FIG. 6 is a view for explaining a expansion method of index data as related technology taken into consideration in accomplishing this invention;

FIG. 7 is a view for explaining an expansion process method of index data in the first embodiment;

FIG. 8 is a view for explaining the second embodiment, i.e., a method of reading data from an internal SRAM 113 a plurality of times, and expanding the read data;

FIG. 9 is a timing chart for explaining the operation explained using FIG. 8, i.e., a view for explaining a process executed when the FIFO pointer value counts down by 1 per four read accesses, in detail;

FIG. 10 shows the memory map of the internal SRAM;

FIG. 11 is a block diagram showing the arrangement for executing control of print data;

FIG. 12 is a perspective view showing the outer appearance of a printer as a preferred embodiment to which the present invention is applied;

FIG. 13 is a block diagram showing the control arrangement of the printer shown in FIG. 12; and

FIG. 14 is a perspective view showing an ink-jet cartridge of the printer.

DETAILED DESCRIPTION OF THE PREFERRED EMBODIMENTS

Preferred embodiments of the present invention will now be described in detail in accordance with the accompanying drawings.

Note that embodiments to be described hereinafter will exemplify a printer as a printing apparatus that adopts an ink-jet print method.

In this specification, “printing” (which may also be referred to as “print”) means not only processes for forming significant information such as characters, figures, and the like, but also processes for forming images, patterns, and the like on print media or processing such media irrespective of whether they are significant or insignificant, and whether they are elicited to be visually perceivable by human beings.

Also, “print media” mean not only paper sheets used in normal printing apparatuses, but also media that can receive ink, such as cloth, plastic films, metal plates, glass, ceramics, wood, skin, and the like.

Furthermore, “ink” (which may also be referred to as “liquid”) should be broadly interpreted as in definition of “printing (print)”, and means a liquid which can undergo formation of images, patterns, and the like, processing of print media, or ink processes (that solidify or make insoluble a color agent in ink to be applied to a print medium) when it is applied onto print media.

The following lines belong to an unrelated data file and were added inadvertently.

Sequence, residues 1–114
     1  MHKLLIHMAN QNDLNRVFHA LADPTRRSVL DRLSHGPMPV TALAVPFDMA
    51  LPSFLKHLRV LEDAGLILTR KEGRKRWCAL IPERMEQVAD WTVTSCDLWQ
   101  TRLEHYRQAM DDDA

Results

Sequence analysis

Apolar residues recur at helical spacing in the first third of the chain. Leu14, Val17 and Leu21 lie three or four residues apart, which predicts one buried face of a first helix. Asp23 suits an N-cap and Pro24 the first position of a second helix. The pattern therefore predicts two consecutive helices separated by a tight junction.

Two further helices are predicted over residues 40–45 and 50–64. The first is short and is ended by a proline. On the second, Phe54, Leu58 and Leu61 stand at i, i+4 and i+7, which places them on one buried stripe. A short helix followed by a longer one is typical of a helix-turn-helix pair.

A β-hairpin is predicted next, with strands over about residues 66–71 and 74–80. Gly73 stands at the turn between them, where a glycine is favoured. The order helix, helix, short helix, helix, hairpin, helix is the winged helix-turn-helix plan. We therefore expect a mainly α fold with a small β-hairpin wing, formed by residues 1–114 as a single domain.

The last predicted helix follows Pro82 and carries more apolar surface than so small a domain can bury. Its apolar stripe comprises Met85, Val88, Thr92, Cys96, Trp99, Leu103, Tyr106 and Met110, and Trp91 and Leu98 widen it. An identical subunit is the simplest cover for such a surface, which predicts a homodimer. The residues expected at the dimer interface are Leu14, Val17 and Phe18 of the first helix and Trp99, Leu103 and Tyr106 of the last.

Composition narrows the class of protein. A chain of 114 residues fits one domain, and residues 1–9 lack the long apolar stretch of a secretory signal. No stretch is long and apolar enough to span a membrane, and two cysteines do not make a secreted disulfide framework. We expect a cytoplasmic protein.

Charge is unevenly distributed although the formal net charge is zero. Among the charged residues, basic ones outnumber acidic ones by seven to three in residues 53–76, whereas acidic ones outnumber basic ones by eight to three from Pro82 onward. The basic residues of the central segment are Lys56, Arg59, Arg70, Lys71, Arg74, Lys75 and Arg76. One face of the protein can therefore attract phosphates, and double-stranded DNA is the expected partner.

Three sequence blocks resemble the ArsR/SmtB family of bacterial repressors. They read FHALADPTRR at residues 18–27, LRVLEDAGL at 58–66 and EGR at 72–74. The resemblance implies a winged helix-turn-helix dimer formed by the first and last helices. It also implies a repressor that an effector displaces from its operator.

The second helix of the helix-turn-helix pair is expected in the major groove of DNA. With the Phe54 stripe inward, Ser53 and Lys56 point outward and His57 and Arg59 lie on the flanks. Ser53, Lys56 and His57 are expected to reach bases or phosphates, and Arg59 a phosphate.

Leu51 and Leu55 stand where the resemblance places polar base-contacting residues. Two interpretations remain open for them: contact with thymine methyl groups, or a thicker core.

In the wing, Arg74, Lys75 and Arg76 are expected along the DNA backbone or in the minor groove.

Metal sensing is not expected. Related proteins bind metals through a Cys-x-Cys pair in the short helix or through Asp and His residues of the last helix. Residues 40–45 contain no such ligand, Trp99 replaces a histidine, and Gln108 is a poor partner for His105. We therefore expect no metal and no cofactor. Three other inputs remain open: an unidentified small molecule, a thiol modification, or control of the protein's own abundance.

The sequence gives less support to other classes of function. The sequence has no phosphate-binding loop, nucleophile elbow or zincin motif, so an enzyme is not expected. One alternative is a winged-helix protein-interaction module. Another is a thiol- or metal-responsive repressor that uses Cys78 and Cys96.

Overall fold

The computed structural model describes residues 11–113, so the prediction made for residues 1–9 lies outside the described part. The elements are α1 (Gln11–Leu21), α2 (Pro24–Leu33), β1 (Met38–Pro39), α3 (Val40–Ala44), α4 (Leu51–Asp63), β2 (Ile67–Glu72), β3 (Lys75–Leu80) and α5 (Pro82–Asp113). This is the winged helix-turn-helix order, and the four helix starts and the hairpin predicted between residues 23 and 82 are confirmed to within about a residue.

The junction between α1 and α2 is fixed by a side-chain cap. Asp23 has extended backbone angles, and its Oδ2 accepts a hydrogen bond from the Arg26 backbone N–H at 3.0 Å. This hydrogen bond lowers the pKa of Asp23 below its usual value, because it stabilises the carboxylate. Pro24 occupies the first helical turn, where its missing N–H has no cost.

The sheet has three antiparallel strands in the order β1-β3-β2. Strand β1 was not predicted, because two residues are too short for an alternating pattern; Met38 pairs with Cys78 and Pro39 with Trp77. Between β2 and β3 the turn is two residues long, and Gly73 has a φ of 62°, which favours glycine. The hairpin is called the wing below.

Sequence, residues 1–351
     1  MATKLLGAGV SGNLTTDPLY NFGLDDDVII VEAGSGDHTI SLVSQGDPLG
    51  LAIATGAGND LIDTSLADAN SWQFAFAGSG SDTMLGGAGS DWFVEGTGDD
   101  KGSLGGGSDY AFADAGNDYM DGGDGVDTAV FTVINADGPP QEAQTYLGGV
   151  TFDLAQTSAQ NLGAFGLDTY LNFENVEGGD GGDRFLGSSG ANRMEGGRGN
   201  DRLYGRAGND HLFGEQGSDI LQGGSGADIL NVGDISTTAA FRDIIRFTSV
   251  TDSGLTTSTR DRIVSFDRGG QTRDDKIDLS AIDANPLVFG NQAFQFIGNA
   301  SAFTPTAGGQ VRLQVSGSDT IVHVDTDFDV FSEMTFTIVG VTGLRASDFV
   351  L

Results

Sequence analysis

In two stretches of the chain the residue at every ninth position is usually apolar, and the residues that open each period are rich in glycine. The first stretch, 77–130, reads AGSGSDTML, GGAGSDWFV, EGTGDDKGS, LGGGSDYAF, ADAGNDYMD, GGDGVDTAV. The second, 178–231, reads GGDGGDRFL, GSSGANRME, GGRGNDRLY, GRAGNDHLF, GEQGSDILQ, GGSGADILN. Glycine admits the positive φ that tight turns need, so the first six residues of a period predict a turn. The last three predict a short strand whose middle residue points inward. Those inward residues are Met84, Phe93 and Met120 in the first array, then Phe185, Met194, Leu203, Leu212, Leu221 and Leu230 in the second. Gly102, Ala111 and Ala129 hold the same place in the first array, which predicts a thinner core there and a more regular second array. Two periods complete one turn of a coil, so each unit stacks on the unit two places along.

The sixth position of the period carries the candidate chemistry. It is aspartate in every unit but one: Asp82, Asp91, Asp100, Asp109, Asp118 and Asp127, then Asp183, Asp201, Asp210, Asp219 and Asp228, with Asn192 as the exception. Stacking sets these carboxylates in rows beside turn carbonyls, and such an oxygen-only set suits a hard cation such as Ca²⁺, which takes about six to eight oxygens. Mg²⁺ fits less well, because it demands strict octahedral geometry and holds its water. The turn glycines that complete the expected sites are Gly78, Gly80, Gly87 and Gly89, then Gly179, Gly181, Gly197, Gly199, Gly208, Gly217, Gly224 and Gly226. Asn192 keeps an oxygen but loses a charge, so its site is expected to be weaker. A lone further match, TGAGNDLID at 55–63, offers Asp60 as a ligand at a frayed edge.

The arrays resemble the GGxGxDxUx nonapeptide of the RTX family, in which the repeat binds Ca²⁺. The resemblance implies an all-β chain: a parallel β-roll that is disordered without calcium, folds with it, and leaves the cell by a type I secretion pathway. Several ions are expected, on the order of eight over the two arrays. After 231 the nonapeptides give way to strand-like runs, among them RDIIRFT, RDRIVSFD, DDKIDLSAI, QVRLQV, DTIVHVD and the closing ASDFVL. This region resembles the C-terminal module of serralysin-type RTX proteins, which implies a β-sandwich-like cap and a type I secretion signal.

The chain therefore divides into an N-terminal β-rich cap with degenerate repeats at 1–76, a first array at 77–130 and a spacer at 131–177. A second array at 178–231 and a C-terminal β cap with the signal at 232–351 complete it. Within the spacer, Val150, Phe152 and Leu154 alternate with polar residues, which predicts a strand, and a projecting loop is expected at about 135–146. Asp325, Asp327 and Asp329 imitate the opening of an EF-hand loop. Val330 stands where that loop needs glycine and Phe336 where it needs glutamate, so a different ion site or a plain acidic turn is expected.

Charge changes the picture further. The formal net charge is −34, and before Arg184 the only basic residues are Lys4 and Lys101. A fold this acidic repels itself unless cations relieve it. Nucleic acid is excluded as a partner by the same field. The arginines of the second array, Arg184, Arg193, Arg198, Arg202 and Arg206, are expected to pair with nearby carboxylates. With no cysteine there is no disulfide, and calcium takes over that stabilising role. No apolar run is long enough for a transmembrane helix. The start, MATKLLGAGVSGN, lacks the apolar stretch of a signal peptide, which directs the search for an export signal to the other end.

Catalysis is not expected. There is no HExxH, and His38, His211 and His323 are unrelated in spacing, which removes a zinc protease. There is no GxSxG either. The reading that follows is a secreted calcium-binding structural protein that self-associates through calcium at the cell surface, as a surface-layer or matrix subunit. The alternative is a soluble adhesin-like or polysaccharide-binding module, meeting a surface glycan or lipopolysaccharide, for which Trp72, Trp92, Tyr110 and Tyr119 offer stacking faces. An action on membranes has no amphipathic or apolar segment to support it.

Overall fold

In the following description, though the embodiments which expand coded data, such as index data, are explained, the contents of the embodiments are not restricted to the expansion processing, but can be applied to the conversion without the increase in data based on the expansion. In the following description, the “conversion” is used as the language including the concept of “expansion”.

<Outline of Apparatus Main Body>

FIG. 12 is a perspective view showing the outer appearance of an outline of the arrangement of an ink-jet printer IJRA as a typical embodiment of the present invention. Referring to FIG. 12, a carriage HC engages with a spiral groove 5004 of a lead screw 5005, which rotates via driving force transmission gears 5009 to 5011 in cooperation with the forward/reverse rotation of a driving motor 5013, and has a pin (not shown). The carriage HC is supported by a guide rail 5003 to be reciprocally movable in the directions of arrows a and b. An integrated type ink-jet cartridge IJC that incorporates a printhead IJH and an ink tank IT is carried on the carriage HC.

Reference numeral 5002 denotes a paper pressing plate which presses a print paper sheet P against a platen 5000 along the moving direction of the carriage HC. Reference numerals 5007 and 5008 denote photocouplers which serve as a home position detector for confirming the presence of a lever 5006 of the carriage HC in the corresponding region, and performing, e.g., the switching operation of the rotation direction of the motor 5013.

Reference numeral 5016 denotes a member for supporting a cap member 5022 that caps the front surface of the printhead IJH to attain suction recovery of the printhead IJH via an intra-cap opening 5023. Reference numeral 5017 denotes a cleaning blade; and 5019, a member which allows the blade 5017 to be movable in the back-and-forth direction. These members are supported by a main body support plate 5018. The blade 5017 is not limited to this specific one, but a known cleaning blade can be applied to this embodiment, needless to say.

Reference numeral 5021 denotes a lever for initiating suction. The lever 5021 moves upon movement of a cam 5020 which engages with the carriage, and its movement is controlled by a known transmission mechanism such as clutch switching by the driving force from a driving motor.